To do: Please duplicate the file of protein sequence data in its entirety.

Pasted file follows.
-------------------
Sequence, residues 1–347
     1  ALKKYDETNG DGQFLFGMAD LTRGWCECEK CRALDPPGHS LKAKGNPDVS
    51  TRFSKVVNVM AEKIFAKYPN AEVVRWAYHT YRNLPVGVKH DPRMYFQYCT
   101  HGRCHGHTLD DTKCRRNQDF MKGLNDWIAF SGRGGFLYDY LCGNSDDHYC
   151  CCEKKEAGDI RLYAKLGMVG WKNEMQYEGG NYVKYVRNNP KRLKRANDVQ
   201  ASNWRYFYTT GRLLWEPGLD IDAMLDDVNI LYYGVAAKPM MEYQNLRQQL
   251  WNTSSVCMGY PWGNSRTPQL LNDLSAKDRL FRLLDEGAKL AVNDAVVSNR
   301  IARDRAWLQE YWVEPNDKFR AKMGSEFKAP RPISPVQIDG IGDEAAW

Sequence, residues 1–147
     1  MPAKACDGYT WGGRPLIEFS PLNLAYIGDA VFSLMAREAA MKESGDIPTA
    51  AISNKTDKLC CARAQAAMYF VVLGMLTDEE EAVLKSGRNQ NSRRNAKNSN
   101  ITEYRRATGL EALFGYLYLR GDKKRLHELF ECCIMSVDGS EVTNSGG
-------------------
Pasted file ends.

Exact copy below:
Sequence, residues 1–347
     1  ALKKYDETNG DGQFLFGMAD LTRGWCECEK CRALDPPGHS LKAKGNPDVS
    51  TRFSKVVNVM AEKIFAKYPN AEVVRWAYHT YRNLPVGVKH DPRMYFQYCT
   101  HGRCHGHTLD DTKCRRNQDF MKGLNDWIAF SGRGGFLYDY LCGNSDDHYC
   151  CCEKKEAGDI RLYAKLGMVG WKNEMQYEGG NYVKYVRNNP KRLKRANDVQ
   201  ASNWRYFYTT GRLLWEPGLD IDAMLDDVNI LYYGVAAKPM MEYQNLRQQL
   251  WNTSSVCMGY PWGNSRTPQL LNDLSAKDRL FRLLDEGAKL AVNDAVVSNR
   301  IARDRAWLQE YWVEPNDKFR AKMGSEFKAP RPISPVQIDG IGDEAAW

Sequence, residues 1–147
     1  MPAKACDGYT WGGRPLIEFS PLNLAYIGDA VFSLMAREAA MKESGDIPTA
    51  AISNKTDKLC CARAQAAMYF VVLGMLTDEE EAVLKSGRNQ NSRRNAKNSN
   101  ITEYRRATGL EALFGYLYLR GDKKRLHELF ECCIMSVDGS EVTNSGG